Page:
28th September 2019
Professor Dario Alessi is a pioneering researcher who was one of the first to reveal a key molecular reason for how disrupted cell metabolism – the process cells use to maintain levels of the biological fuel they need to grow – could drive cancer. In 2003, his Worldwide Cancer Research project led him down an unexpected path to studying cancer risk in people with type 2 diabetes, with surprising results. A study started by Dario at the Ninewells Hospital in Dundee concluded that if you have type 2 diabetes and you are treated with the drug metformin, you’re less likely to get cancer. Metformin is is currently being tested in over 100 clinical trials for the treatment and prevention of cancer.
Type 2 diabetes is a disease that leaves a person unable to regulate their blood sugar levels, which can lead to too much sugar accumulating in the blood. Metformin, the 10p per pill treatment for diabetes, can correct this error to some degree by helping cells in the body to mop up the excess glucose and restoring normal blood sugar levels.
One way that metformin works is by getting inside cells and hitting a molecular switch that turns the cells into little sugar sponges, soaking up molecules of the sugar glucose floating in the blood. This molecular switch is an enzyme called AMPK, a master controller of shuttling glucose molecules from the blood, into cells. When you exercise, AMPK in your muscle cells switches on and glucose is pulled into the cells where it is used as fuel that helps you get your ‘personal best’ or do that extra rep.
Thanks to work by researchers like Dario, we now know that AMPK also plays an important role in cancer. In many cancers, the cells have lost their ability to use AMPK as a master switch. This disruption to how the cells utilise energy contributes to their uncontrolled growth and proliferation – the underlying feature of all cancers.
“When we started our project in 2001, it was just a hunch,” said Dario. “The project was a bit of a risk.”
“We knew AMPK was activated by exercise putting stress on cells but we hadn’t worked out how AMPK was activated in cells, nor did we know anything about its role in cancer.”
“Through our project we discovered that a gene in our cells called LKB1, a known tumour suppressing gene, was able to activate AMPK. We did an experiment and saw this massive activation of the enzyme. And we just knew that was it. The role of AMPK in cancer had not really been appreciated up to that point.”
Looking back at the project from Worldwide Cancer Research, it really was a small investment, £100,000 or so, but it has led to a whole area of work that had never been explored. You really can’t underestimate the knock on effect of these things.Professor Dario Alessi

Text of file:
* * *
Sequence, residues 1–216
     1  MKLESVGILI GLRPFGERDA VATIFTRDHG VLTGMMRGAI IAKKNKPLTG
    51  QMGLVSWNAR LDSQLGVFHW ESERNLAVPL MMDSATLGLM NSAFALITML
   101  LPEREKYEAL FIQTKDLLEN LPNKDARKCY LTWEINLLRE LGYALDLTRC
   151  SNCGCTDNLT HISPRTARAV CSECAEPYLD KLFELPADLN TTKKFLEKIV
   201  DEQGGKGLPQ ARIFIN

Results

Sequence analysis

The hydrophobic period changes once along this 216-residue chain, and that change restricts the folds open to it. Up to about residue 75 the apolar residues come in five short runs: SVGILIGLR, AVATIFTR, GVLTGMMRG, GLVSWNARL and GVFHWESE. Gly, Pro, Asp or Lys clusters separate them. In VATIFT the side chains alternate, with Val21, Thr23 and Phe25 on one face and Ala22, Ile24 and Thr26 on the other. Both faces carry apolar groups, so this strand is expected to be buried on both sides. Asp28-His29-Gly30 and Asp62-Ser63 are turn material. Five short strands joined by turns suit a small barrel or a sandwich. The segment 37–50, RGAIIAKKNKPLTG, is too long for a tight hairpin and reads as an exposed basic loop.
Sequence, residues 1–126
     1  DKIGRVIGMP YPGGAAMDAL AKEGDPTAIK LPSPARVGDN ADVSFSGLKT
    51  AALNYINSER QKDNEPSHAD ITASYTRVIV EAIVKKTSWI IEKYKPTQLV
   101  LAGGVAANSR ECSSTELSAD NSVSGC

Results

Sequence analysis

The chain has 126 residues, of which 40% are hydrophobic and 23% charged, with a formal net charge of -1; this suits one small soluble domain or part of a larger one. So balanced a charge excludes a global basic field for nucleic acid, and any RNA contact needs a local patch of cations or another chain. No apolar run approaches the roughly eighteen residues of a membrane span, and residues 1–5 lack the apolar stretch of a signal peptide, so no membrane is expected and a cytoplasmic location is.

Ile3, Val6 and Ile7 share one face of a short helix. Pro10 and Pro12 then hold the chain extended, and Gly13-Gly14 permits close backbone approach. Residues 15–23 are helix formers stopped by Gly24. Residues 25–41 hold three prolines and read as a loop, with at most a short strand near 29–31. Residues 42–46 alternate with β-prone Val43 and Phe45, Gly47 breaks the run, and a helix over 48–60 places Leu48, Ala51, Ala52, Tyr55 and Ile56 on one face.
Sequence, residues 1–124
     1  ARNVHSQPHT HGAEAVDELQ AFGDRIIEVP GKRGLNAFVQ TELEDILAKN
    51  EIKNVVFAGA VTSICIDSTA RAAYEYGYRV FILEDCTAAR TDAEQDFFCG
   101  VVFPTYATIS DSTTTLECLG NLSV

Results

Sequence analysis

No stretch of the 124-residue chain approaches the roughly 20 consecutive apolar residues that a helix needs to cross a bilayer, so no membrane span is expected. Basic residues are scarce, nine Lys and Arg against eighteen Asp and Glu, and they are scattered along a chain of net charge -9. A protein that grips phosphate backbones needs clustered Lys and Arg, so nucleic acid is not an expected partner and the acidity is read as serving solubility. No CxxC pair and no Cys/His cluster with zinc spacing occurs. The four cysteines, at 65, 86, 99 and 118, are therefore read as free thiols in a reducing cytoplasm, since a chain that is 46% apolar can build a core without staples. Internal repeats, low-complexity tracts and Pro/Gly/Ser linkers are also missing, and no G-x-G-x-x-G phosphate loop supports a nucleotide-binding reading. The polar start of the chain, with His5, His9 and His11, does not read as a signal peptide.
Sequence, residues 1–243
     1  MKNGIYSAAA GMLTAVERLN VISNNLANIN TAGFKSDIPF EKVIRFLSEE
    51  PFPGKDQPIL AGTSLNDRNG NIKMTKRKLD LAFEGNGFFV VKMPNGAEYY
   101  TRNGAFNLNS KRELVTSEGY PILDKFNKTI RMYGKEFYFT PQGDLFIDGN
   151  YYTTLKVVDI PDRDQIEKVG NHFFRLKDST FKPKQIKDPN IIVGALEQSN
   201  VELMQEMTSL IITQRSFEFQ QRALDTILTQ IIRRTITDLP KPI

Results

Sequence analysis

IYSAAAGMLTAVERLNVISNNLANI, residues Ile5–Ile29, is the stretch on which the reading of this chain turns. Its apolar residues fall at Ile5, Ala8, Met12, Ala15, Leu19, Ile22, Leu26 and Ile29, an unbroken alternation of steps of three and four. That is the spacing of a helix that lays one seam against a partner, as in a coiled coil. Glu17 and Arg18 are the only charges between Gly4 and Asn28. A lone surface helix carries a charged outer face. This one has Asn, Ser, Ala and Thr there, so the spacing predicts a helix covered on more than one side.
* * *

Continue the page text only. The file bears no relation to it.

This was a big step forward for cancer research but it took an even bigger leap in thinking to realise the potential for how this finding could positively affect the lives of people with cancer.
“It was definitely a Eureka moment. And then you start to realise the implications of the results. It didn’t take long, weeks maybe, to make the connection.”
“You start thinking, how is this all linked? You have an enzyme that’s involved with exercise and diabetes, and a gene that when mutated causes malignant tumours potentially by stopping the enzyme from working. And then you remember that the drug metformin can switch on this enzyme, so maybe metformin could also be a way to counteract the development of tumours.”
Dario knew that metformin was able to switch on AMPK to help people with diabetes so he reasoned that maybe the drug could also provide protection against cancer. To test this, Dario and others based in Dundee dove into the clinical records of nearly 12,000 people diagnosed and treated for type 2 diabetes between 1993 and 2001, and looked at how many of them went on to develop cancer during their lifetime. Their analysis of the data revealed that the people with type 2 diabetes who were treated with metformin were at a lower risk of developing cancer.
“Around 2 per cent of the world’s population take metformin for diabetes,” said Dario. “And there’s a great quote from Professor Lewis Cantley at Cornell University, who said: ‘Metformin may have already saved more people from cancer deaths than any other drug in history’. But we just won’t know it yet.”
Around the world there are over 120 clinical trials that are currently ongoing to test metformin as a treatment or preventive for cancer. There are also over 100 completed clinical trials, many with their results published. And although we are not quite there yet to knowing the best way to use metformin against cancer, there is considerable interest amongst researchers to find the answers.
“The results from our project stimulated huge amounts of subsequent work,” said Dario. “There must be thousands of research papers published on the role of AMPK and LKB1 in cancer and hundreds of clinical trials involving metformin and cancer.”
“Looking back at the project from Worldwide Cancer Research, it really was a small investment, £100,000 or so, but it has led to a whole area of work that had never been explored. You really can’t underestimate the knock on effect of these things.”
“The impact of this work has really opened the door to studies that will lead to new therapies for many different diseases, including cancer.”
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